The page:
KEEL frontman Ron Keel is featured in a new interview with SleazeRoxx.com discussing various chapters of his lengthy career. An excerpt is available below:
Sleaze Roxx: What was it that led to you changing to country music in the mid ’90s?
Ron Keel: “You have to realize that in the end of the ’80s all the bands like us… like when grunge happened in 1991/92 we went from the top of the world to being slammed right in the fucking ground. We went from being gods of rock’n'roll to being a joke overnight — everybody, almost all of the bands hit the ground really, really hard. When I hit that ground I realized there was no more record deal, and had to sell the beach house and the sports car. What did I have left? I had my guitar and my voice. This was my way to avoid the drugs, it got really tough and I was able to express myself through that type of music and I was able to release my country music and that paid my bills and I expressed myself by being able to perform any music.”
Sleaze Roxx: Let’s go back in time to when you started STEELER. You recorded this legendary album in 1983, how do you explain that it would be one day become one of the biggest selling independent metal albums ever?
Ron Keel: “Of course you must have confidence and believe in what you do — my goals have never really changed. I just always wanted to be a rock star, make music, have fun, and make money! I’m very thankful for the success of the Steeler album because it launched my career and gave me the opportunity to put Keel together. The Steeler album, which was released in 1983, was part of the foundation of ’80s rock and has achieved a legendary status — and I’m very proud of that.”
Sleaze Roxx: What was the magic, in your opinion, of that album?
Ron Keel: “Well, it was my first album, and it was YNGWIE MALMSTEEN’s first album. The combination of my songs and voice — screaming metal vocals with powerful commercial rock riffs — and Yngwie’s classically influence guitar solos was a unique sound that inspired a generation of rockers.”
Sleaze Roxx: Is there any chance of Steeler coming back again?
Ron Keel: “There’s always a chance. 2013 will be the 30th Anniversary of that album’s release, and I’d like to do something special to mark that milestone.”
Keel is an American hard rock / metal band originally formed in 1984 in Los Angeles. The band is best known for their rock anthem "The Right to Rock" and their mid 80’s success albums THE RIGHT TO ROCK and FINAL FRONTIER which both were produced by KISS bassist Gene Simmons. Their classic lineup included vocalist Ron Keel, guitarists Marc Ferrari and Bryan Jay, bassist Kenny Chaisson and drummer Dwain Miller and they stayed together until 1988 when Ferrari and Jay decided to leave the group. The band replaced them with keyboardist Scott Warren and guitarist Tony Palmucci and managed to release one more album LARGER THAN LIVE before they slowly disbanded in late 1989. The classic lineup did a brief reunion in 1988 and released a collection of unreleased material under album title BACK IN ACTION but it wasn’t until 2008 before they made a decent return. The new Keel studio album STREETS OF ROCK’N ROLL saw the light of day in early 2010. I had the pleasure to sit down with Ron Keel in Stockholm in September of 2010 and discuss the reunion, the future of Keel, and various other topics including Ron Keel’s other bands and projects: Fair Game, Iron Horse, Saber Tiger, Ron’s country music years and working with Gene in the 80’s and… read on !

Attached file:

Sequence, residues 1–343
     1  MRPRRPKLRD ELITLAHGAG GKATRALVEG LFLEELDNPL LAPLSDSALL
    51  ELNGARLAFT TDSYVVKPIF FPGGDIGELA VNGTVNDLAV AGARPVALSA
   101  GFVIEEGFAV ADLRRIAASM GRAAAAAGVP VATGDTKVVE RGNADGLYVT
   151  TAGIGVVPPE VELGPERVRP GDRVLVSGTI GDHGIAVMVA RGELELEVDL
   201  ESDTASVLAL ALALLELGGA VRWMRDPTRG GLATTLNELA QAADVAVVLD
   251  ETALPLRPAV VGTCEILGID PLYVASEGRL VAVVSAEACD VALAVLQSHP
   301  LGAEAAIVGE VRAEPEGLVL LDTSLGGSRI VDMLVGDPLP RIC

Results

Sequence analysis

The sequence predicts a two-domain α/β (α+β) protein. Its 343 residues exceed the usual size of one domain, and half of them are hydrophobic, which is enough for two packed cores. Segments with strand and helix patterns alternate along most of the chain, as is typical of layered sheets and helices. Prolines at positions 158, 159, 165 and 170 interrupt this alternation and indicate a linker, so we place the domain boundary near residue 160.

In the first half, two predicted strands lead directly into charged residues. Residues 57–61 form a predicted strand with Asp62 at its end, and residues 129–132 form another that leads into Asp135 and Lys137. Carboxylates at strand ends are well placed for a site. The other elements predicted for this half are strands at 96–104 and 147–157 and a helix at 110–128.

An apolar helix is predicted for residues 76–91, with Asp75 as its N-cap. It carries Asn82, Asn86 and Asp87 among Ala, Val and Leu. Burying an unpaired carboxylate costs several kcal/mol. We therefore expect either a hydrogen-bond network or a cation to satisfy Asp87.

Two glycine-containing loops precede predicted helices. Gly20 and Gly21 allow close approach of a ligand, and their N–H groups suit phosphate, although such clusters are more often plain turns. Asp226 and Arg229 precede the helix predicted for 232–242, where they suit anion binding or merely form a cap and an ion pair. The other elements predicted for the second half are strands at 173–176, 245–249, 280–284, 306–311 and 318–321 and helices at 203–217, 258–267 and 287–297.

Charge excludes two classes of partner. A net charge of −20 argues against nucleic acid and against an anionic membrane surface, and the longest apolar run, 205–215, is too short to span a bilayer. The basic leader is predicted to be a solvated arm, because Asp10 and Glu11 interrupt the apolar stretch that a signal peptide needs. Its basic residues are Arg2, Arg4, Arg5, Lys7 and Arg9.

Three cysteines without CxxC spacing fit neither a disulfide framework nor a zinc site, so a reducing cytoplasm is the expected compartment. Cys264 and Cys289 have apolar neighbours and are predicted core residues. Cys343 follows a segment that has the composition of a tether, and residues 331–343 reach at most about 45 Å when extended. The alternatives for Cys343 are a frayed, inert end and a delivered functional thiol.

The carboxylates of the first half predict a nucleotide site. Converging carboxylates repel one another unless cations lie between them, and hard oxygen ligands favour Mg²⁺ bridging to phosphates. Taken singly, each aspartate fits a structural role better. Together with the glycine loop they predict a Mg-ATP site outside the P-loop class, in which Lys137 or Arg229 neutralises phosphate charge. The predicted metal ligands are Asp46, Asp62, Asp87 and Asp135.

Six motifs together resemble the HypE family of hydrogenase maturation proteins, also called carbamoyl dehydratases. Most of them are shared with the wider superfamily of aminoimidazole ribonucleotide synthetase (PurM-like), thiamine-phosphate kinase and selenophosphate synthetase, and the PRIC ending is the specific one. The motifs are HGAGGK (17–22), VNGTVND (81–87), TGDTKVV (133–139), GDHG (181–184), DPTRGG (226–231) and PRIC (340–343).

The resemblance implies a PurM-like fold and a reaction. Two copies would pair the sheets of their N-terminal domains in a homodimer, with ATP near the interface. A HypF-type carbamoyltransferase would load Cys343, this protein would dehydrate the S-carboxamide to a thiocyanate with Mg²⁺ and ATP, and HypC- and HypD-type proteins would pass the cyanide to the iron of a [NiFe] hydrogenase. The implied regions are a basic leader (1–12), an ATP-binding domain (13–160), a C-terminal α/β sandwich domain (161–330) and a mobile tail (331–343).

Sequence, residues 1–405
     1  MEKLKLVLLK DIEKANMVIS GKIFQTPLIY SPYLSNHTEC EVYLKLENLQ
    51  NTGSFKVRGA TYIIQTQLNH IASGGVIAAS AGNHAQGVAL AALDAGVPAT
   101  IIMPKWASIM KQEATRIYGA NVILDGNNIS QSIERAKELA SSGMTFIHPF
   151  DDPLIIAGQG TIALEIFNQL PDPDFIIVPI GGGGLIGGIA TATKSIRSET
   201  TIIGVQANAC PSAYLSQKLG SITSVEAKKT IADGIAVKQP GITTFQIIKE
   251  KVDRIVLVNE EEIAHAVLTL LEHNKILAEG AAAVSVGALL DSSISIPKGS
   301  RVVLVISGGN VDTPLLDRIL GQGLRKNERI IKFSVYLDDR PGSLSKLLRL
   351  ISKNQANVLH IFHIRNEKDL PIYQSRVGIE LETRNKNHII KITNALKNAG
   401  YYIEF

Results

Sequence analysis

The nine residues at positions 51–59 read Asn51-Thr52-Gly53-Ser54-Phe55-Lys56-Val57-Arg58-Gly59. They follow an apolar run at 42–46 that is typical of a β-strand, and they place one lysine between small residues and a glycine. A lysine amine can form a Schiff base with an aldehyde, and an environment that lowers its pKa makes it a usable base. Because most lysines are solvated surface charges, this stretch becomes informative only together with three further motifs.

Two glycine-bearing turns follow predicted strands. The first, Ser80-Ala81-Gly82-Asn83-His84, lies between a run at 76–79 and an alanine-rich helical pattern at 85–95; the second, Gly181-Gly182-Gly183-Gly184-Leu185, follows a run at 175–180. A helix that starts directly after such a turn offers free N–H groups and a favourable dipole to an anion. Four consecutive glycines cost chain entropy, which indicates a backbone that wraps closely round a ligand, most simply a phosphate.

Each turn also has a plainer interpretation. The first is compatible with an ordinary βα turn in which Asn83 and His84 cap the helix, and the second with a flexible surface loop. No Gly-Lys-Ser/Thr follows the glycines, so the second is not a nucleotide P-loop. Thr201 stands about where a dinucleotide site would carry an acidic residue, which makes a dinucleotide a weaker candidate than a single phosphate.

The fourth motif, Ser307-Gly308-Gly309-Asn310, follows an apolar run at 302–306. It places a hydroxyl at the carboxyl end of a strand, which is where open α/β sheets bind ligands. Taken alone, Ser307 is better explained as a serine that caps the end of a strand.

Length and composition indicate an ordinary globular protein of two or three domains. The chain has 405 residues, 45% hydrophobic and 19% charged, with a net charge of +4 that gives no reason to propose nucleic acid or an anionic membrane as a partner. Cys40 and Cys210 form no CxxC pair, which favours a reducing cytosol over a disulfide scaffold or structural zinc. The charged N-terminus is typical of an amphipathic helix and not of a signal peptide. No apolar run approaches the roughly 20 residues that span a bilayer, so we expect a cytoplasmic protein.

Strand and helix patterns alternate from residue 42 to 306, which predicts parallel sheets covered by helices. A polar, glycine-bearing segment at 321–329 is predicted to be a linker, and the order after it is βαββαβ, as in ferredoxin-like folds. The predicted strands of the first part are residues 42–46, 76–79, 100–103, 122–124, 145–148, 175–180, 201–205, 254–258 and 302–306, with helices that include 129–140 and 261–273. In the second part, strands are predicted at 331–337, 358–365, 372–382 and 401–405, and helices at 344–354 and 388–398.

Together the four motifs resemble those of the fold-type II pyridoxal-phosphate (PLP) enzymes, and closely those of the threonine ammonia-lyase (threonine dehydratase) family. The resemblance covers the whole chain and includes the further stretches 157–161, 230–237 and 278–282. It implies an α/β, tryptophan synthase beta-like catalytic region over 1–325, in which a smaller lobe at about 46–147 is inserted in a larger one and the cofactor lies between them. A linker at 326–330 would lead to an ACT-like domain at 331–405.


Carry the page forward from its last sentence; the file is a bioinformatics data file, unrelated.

Stockholm Rock Out is a new rock festival in Sweden which is now in its second year. When the first edition of the festival took place on May 1st it was almost disastrous because the giant volcano clouds forced most of the headliners to cancel their appearances but this time all measures worked well without any unexpected problems or last minute changes. By European standards, the band line up in Stockholm Rock Out was somewhat extravagant. The list included many great bands which haven’t been here in ages, like Keel and Tuff, and there were also some unique one off performances like the one with Great White w/ Paul Shortino on vocals and the farewell show of Zinny J. Zan. Like the organizers advertised, this festival is indeed organized for music lovers by music lovers.
In the mid-80′s Keel made an immediate impact when their Gene Simmons produced album THE RIGHT TO ROCK hit the streets, primarily because of their now timeless anthem of the same name. Still, despite promising record sales and critical accolades, Keel never crossed that invisible line into super stardom the likes of some of their contemporaries. One thing that can not be argued against however is that Keel were one of the most talented acts of their era with a wholly unique sound featuring a powerful front man whose voice remains as easily recognizable today as it did back in the 80′s. Ron Keel has journeyed from Metal pioneer with acts such as Steeler and Keel, to country music, to Southern Rock, to various projects of different styles, to once again reforming Keel, just in time for the 25th anniversary of THE RIGHT TO ROCK. Their latest opus, THE STREETS OF ROCK & ROLL, continues the bands tradition of potent Rock and Metal. Ron Keel recently took the time to answer some questions for Metal Rules.